The Glass Maze: Autistic Travels Through the Wilderness of Work
Once upon a time, a young woman stepped off the neatly paved cobblestones of higher education — slightly mossy, with plants peeking through the cracks between pavers — and out into the open grasslands of the working world. Her family and mentors had warned her that she needed to find any way she could to survive in the great expanse of work. And so, like millions of young people before her, she embarked on a rite of passage that would test her every conviction and skill: the Job Hunt. She spent days and nights holed up in coffee shops and libraries, tapping away at draft after draft of a resume with endless permutations — careful arrangements of different facets of her life, presented in ways that would most appeal to as many different kinds of employers as possible. Finally, after throwing dozens of copies of her resume into the void-like sky that hangs above the Plains of Work and receiving nothing in return, she got something back: a glass key in a large white envelope.
That’s a very dramatized, very condensed fictional account of the time I spent between my graduation and the onboarding for my first post-collegiate job: a part-time sales associate position at two New York City retail locations for the notebook brand Moleskine. After two months of submitting online applications for entry-level positions in arts management, the non-profit sector, publishing, museums, and the New York Public Library — all sectors where I felt my recently acquired anthropology degree would be an asset — the only key I had received into the working world was one that felt disappointingly stereotypical: there she goes! Another Ivy League/Seven Sisters/liberal arts grad, working retail to pay rent.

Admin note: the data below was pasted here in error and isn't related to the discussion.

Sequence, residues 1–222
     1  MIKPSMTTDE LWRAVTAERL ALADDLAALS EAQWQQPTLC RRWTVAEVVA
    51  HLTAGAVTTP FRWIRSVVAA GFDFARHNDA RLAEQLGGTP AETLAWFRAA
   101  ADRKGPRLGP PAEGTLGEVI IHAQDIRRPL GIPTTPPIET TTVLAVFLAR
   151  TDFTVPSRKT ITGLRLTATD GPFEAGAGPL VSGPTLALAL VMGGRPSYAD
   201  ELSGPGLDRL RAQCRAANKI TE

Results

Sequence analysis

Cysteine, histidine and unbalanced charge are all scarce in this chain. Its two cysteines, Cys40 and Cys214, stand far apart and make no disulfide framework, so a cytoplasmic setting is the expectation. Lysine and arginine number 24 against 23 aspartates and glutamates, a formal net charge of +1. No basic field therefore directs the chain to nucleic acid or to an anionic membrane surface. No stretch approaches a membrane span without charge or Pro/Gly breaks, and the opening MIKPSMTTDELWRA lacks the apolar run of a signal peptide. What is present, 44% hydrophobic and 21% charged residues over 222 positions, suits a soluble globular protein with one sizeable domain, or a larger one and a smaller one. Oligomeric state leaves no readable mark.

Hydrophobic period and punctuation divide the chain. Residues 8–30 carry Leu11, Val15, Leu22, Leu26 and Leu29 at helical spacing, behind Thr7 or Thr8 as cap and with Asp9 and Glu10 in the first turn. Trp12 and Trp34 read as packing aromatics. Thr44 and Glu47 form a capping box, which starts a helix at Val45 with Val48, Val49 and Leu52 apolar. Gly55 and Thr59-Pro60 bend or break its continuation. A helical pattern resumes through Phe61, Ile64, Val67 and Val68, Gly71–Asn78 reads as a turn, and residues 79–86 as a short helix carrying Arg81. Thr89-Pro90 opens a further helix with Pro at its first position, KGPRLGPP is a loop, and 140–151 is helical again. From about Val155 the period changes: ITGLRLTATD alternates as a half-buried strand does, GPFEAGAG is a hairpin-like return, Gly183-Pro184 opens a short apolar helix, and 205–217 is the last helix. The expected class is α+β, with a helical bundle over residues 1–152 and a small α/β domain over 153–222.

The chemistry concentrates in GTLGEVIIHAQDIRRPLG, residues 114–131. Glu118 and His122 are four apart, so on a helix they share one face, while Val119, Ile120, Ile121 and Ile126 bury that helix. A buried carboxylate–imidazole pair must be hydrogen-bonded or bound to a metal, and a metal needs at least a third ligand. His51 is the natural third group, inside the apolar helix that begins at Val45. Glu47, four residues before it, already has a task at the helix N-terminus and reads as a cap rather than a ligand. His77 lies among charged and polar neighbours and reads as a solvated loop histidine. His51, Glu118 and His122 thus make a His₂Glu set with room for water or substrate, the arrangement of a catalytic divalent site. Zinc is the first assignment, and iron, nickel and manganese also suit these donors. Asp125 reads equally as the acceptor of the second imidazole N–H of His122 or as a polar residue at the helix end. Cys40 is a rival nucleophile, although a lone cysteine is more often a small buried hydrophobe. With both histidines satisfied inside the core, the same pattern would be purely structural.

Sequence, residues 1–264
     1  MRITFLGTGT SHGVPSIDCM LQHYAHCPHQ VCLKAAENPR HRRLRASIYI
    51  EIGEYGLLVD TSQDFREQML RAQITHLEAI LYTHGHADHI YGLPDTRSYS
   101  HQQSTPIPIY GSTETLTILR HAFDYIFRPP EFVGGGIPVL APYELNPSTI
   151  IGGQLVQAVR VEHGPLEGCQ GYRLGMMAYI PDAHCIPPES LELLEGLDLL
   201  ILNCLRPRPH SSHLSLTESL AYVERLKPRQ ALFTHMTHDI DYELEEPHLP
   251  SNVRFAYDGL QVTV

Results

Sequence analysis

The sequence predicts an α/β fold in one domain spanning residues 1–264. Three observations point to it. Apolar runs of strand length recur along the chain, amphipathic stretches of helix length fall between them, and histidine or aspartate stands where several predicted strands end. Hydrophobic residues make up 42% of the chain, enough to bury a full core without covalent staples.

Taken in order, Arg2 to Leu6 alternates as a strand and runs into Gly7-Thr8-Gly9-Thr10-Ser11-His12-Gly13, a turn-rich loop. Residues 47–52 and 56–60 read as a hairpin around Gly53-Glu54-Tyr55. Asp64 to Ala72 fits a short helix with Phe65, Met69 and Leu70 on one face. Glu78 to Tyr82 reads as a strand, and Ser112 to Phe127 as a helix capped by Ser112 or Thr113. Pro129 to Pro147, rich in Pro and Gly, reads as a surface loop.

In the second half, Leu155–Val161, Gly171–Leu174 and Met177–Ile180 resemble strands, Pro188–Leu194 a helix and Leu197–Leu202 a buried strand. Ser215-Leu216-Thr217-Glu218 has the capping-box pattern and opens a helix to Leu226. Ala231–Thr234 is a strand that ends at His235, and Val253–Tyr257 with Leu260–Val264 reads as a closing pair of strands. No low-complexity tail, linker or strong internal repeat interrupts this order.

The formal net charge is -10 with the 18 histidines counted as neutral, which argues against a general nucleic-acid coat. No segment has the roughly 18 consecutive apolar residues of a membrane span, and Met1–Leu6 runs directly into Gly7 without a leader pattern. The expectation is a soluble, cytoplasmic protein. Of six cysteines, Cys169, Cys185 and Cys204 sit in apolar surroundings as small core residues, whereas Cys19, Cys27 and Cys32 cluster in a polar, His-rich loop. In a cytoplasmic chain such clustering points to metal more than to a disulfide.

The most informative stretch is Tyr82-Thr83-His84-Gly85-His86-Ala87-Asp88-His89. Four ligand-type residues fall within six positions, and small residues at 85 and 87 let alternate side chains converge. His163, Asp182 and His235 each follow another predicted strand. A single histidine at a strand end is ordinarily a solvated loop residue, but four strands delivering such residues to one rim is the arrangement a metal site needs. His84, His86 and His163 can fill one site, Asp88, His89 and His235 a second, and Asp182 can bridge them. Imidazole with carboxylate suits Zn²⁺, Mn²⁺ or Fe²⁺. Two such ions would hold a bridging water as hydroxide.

But that fragile glass key was all I had. I understood that, regardless of what doors my fancy degree was supposed to have opened for me, this was the one that stood before me; I was not so proud that I would turn my back on it. I put it in the lock, turned it, and pushed through into the next phase of my crash course in adult working life: the glass maze.
My job history since then tells a story that will sound familiar to anyone who knows or loves someone on the autism spectrum: coming home from a socially demanding job too exhausted to care for myself, struggling to manage simultaneous demands on my attention, learning the basic realities of workplace expectations the hard way, desperately holding a mask of socially acceptable behavior to my face — and doing damage control for the moments when that mask slipped. My knowledge of what would be expected of me in each role I worked in — whether retail, cosmetics PR, or teaching — appeared to be a path clear enough to walk on when laid out before me. However, as time went on, I discovered that being a successful adult wasn’t about walking the path I could see beneath my feet, but about navigating a maze of glass walls that everyone except me seemed to avoid with instinctive ease.
The initial stages of my walks through the glass maze shared a similar pattern: I learned quickly, took on whatever my managers asked of me, and did everything in my power to make sure I seemed as neurotypical as possible. After a while, though, the fatigue of pushing myself to become whoever my role required me to be would make me clumsy; I would arrive late for shifts, or send incomplete press clippings to clients, or forget the cycle of behavior management. It was around this time that I would retreat from having to “perform” normalcy in social spaces or interactions with colleagues, forgoing the opportunity to connect with people who could have become resources or helpers when I needed more support. Once I had reached a critical mass of “conversations” with a manager or senior figure about my performance, I started to freak out whenever they called, emailed, or asked to meet with me — even when those reasons had nothing to do with my job performance.